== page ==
OSA Brown Bag: The Grateful Dead: A GIS Approach to Determining the Correlation Between Habitation Sites and Burial Sites in the Woodland Period in Iowa

Presentation by Rebekah (Truhan) Podolefsky

A powerful function of GIS is to look at spatial distributions of different components of settlement systems. During the Woodland Period, there appears to have been fundamental changes in economic and social organization, during the transition from hunting and gathering to substantial dependence on maize agriculture. Increasing dependence on maize agriculture appears to be correlated with increases in population and number of sites in the Late Woodland. What is less clear is the relationship between the number of burial mounds and the decreasing prominence of elite burials. While there has been an abundant amount of research conducted in locating mounds and burial sites using Geographic Information Systems (GIS) technology, there has been very little research done in looking at the correlation between burial sites and habitation sites in the Midwest region of North America. This project focuses on the Woodland period in the state of Iowa, which lasted from 500 B.C. to 1000 A.D., and will look at how the spatial distribution of these sites changes from the Early, Middle, and Late Woodland periods. This will be done by using the program Arc GIS, and the 1,412 distinct habitation and burial sites currently recorded in Iowa.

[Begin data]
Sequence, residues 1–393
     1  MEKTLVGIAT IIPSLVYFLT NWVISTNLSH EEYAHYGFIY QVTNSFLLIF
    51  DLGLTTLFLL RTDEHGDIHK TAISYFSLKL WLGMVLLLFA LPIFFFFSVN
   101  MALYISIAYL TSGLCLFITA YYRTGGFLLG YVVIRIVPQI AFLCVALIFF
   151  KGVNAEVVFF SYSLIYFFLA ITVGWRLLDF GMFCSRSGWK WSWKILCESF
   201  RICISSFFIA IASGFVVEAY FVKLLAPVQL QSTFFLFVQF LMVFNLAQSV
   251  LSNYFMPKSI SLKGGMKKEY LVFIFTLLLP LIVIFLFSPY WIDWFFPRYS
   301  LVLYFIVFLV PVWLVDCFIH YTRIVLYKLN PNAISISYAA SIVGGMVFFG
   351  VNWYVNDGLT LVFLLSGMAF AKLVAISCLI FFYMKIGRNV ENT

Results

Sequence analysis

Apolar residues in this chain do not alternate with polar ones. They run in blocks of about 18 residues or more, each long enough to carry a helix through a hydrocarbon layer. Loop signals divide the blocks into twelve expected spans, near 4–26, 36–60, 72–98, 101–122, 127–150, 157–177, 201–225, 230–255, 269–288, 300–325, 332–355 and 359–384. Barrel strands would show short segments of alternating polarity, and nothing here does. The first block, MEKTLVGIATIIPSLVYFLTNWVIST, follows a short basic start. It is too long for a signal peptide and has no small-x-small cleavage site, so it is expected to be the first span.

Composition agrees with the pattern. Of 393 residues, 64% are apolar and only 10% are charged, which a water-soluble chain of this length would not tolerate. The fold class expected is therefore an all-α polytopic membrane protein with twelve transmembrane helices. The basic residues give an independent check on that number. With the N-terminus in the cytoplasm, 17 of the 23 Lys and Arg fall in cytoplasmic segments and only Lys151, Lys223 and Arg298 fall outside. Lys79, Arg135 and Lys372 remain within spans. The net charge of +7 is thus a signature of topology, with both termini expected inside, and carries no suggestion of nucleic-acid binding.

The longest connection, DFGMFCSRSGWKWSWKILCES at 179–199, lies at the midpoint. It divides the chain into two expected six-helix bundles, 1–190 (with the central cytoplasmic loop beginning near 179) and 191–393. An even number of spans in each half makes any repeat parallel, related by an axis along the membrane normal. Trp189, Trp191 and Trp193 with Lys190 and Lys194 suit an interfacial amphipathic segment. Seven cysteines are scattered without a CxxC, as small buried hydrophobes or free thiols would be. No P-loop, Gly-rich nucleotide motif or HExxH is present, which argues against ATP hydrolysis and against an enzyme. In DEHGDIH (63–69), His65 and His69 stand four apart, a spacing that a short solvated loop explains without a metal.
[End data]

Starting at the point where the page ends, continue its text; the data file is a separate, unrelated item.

Rebekah is a laboratory technician for the Office of the State Archaeologist and received her B.A. in Anthropology with a focus in Cultural Resources Management from the University of Iowa in December 2017. She hopes to go on to pursue her M.A. in bio-archaeology.

Brown Bags at the Office of the State Archaeologist (OSA) is a semi-regular  series where OSA staff and guests share their research over the noon hour. Topics include individuals’ areas of interest, work in the field, developments in archaeology and architectural history throughout Iowa and the Midwest. Guest speakers whose expertise is in other areas pertaining to archaeology or ethnohistory may be invited throughout the year as well. For more information please go to http://archaeology.uiowa.edu/

These presentations are free and open to the public. Attendees are encouraged to  engage in discussion and exchange following the presentation. Individuals with disabilities are encouraged to attend all University of Iowa-sponsored events. If you are a person with a disability who requires a reasonable accommodation in order to participate in this program, please contact the Office of the State Archaeologist in advance at (319) 384-0732.

 

Old Capitol Museum

University of Iowa Office of the State Archaeologist logo